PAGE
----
Describing the Role of a Forensic Psychologist

I receive more referrals from forensic clients than from lawyers. Each time I tell those individuals I need to speak with their lawyers. This is because the forensic psychologist works for the lawyer or the court not the client. So what is the value of using a forensic psychologist? The forensic psychologist brings to any given case objectivity and scholarship. He/she will access the relevant and most recent literature applicable to the case at hand. Whether it is “overnights and the young child”, “the importance of accommodation to a child with ADHD”, or the “process of malingering”, the forensic psychologist will serve as a behavioral scientist to the lawyer. The second important use of a forensic psychologist is that he/she is the only mental health professional who has been trained and licensed to administer, interpret and score psychological testing. He/she can also provide normative data specific to the forensic setting. e.g. child custody, personal injury.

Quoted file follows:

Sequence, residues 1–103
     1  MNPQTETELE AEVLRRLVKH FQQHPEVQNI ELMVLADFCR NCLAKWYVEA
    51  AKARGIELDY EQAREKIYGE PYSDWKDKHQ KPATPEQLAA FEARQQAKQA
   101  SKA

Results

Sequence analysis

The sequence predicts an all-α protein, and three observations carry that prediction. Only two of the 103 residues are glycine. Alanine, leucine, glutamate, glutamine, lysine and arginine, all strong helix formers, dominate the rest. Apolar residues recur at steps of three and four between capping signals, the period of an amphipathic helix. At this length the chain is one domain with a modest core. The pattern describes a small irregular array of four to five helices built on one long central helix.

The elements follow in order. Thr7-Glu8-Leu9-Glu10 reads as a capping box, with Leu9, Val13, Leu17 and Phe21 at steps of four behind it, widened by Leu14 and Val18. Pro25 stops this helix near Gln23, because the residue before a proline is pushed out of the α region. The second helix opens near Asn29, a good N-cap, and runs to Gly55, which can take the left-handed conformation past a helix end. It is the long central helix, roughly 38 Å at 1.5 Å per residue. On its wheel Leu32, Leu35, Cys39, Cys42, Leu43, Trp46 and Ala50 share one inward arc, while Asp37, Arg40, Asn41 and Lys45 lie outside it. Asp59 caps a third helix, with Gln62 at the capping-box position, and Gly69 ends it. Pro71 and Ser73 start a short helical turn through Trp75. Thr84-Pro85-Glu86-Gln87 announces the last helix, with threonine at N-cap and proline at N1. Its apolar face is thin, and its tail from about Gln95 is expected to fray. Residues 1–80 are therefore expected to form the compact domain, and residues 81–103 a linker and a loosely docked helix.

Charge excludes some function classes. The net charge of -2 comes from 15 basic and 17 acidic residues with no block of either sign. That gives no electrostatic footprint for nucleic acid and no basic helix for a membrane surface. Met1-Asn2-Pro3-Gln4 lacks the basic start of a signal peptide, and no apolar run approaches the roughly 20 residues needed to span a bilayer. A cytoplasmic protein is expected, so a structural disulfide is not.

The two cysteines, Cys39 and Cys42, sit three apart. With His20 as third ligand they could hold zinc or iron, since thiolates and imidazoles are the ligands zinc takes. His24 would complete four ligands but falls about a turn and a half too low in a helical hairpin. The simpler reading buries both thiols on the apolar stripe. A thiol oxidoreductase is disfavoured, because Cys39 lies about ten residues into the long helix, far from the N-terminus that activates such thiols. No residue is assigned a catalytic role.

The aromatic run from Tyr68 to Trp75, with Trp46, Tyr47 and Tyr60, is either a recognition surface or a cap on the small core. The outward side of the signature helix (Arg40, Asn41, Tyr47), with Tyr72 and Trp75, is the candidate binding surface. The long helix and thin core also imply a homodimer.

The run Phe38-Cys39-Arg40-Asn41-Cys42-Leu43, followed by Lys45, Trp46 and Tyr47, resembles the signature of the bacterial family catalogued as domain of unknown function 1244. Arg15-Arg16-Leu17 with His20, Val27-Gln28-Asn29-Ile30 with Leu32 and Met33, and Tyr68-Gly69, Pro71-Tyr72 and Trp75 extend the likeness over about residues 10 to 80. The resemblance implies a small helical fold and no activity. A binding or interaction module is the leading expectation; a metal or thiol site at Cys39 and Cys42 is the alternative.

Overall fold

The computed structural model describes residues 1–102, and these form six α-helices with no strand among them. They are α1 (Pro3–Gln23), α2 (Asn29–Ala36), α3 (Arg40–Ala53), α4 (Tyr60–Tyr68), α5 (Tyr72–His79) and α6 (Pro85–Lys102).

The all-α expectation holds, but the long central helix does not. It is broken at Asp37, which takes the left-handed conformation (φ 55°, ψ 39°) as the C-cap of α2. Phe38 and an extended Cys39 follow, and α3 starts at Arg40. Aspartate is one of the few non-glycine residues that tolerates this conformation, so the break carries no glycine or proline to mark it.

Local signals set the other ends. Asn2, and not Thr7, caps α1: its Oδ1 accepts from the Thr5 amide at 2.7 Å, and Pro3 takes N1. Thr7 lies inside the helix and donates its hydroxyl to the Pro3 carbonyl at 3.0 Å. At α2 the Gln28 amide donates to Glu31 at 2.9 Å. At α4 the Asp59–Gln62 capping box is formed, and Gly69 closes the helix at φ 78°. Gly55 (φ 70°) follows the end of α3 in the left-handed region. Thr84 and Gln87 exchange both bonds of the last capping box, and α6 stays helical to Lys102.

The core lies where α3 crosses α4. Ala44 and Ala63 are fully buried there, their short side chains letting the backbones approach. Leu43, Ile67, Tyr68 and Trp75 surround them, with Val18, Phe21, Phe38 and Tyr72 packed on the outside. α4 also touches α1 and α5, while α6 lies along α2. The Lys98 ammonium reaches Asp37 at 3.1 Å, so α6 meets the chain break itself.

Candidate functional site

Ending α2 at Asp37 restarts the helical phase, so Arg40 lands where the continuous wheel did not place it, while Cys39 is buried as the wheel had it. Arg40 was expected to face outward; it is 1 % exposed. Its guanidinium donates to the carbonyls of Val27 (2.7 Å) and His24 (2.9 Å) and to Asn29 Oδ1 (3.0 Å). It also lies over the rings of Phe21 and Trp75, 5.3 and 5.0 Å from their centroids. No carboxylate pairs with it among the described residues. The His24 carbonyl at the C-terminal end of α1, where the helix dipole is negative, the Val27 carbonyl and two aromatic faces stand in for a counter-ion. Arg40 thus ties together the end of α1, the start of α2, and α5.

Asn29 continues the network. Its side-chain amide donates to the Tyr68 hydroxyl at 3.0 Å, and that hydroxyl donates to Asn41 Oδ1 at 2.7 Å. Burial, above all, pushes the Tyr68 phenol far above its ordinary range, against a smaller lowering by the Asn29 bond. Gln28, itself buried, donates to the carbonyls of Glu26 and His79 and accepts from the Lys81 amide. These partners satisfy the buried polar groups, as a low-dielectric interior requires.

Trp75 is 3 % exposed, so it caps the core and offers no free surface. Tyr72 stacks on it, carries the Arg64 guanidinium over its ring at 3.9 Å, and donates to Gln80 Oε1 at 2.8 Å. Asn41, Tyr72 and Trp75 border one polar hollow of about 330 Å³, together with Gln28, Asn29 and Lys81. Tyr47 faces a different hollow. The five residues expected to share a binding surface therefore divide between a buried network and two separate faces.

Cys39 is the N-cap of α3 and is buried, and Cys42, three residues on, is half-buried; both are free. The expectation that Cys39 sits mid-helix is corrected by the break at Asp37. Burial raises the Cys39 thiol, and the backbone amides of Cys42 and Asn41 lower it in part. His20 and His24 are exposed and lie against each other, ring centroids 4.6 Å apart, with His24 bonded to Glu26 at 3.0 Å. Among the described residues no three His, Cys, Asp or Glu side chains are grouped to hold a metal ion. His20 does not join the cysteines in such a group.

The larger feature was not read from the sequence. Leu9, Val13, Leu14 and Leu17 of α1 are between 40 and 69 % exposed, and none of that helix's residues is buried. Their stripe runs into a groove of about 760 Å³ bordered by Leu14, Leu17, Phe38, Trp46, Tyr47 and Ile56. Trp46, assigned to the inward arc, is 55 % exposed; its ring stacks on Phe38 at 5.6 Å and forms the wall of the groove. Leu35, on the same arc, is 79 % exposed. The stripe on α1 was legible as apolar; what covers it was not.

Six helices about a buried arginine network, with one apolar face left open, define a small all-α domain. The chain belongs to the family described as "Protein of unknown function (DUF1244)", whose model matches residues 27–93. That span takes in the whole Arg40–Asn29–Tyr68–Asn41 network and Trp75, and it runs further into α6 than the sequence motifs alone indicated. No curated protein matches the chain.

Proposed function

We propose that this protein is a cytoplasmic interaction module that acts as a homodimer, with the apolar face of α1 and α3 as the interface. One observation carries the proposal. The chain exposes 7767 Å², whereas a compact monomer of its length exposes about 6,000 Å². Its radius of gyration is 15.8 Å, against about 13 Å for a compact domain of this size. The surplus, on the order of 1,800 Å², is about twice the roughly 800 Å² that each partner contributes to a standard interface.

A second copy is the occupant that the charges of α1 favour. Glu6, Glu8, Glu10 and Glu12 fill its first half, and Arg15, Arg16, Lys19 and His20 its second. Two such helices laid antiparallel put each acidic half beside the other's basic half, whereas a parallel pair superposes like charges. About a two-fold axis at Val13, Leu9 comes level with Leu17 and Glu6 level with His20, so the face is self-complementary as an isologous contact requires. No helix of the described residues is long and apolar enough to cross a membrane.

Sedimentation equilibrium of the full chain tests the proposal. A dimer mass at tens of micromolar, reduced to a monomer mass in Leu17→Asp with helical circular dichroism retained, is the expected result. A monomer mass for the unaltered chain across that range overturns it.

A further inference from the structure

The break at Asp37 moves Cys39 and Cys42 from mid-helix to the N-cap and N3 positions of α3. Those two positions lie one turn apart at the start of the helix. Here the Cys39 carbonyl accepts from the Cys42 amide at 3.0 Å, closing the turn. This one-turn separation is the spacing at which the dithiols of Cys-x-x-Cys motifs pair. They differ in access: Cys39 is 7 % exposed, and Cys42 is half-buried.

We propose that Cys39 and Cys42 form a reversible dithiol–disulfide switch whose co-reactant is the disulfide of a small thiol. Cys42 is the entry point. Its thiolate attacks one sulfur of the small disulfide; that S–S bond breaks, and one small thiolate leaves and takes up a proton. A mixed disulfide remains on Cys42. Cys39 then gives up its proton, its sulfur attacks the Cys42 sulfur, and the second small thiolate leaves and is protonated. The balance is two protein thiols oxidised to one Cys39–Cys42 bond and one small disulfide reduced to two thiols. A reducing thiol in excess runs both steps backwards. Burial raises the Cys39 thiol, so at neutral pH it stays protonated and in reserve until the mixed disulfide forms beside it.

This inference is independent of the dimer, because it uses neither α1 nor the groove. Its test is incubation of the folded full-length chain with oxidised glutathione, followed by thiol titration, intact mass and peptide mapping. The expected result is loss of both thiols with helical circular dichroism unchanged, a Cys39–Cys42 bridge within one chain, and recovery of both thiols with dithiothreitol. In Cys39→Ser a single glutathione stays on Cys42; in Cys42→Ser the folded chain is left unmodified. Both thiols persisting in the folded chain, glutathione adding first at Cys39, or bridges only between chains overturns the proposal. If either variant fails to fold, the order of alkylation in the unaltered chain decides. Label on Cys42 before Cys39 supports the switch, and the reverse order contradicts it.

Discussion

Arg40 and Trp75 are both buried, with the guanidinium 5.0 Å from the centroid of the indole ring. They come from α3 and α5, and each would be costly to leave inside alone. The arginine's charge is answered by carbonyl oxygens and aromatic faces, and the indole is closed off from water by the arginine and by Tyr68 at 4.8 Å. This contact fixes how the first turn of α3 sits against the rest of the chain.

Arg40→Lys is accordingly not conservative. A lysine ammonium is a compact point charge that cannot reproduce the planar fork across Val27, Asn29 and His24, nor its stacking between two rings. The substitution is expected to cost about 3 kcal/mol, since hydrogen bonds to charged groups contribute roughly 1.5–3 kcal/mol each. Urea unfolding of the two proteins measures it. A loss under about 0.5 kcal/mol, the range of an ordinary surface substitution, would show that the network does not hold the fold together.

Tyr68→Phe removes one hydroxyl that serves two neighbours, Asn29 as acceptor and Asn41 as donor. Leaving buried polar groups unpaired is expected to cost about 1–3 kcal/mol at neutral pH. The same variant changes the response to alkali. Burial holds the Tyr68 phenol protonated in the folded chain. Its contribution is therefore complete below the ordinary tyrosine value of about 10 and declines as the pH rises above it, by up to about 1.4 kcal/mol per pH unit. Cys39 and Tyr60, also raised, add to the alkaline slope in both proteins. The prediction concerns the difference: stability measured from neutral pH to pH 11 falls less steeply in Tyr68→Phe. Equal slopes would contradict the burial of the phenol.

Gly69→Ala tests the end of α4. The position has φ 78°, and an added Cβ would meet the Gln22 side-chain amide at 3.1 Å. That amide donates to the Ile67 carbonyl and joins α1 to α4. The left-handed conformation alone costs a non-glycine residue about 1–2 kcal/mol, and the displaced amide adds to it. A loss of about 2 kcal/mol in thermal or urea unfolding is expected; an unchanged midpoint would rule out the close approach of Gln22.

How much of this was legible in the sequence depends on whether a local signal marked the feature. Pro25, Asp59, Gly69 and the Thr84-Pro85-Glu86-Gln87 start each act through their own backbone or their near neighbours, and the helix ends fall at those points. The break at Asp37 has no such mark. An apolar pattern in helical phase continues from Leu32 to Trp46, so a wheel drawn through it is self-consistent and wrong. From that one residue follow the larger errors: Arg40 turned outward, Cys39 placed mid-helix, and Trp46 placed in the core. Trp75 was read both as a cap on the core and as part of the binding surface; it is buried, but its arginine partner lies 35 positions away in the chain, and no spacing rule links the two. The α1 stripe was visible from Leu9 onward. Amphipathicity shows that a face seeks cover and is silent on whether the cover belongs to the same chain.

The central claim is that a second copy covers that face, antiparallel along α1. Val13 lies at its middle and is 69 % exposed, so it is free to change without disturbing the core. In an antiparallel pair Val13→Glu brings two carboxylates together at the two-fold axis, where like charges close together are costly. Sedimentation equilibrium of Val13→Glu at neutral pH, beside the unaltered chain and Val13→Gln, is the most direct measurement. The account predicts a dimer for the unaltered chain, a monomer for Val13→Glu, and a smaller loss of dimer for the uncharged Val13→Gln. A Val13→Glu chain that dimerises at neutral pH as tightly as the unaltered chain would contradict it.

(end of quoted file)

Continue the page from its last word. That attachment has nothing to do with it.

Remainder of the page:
Finally, the forensic psychologist can address methods of remediation in any given case. In family law, this may include parent alienation intervention, child abuse intervention, or the recommendation for a special needs assessment. In personal injury cases, this may require recommendations for post- traumatic stress disorder treatment, pain management, or the need for a psychiatric consult.

In summary, many legal cases involve psychological variables central to a case that can best be addressed by the use of a forensic psychologist. The forensic psychologist is specifically trained to investigate, assess, and offer solution to psychological issues presented by your case.

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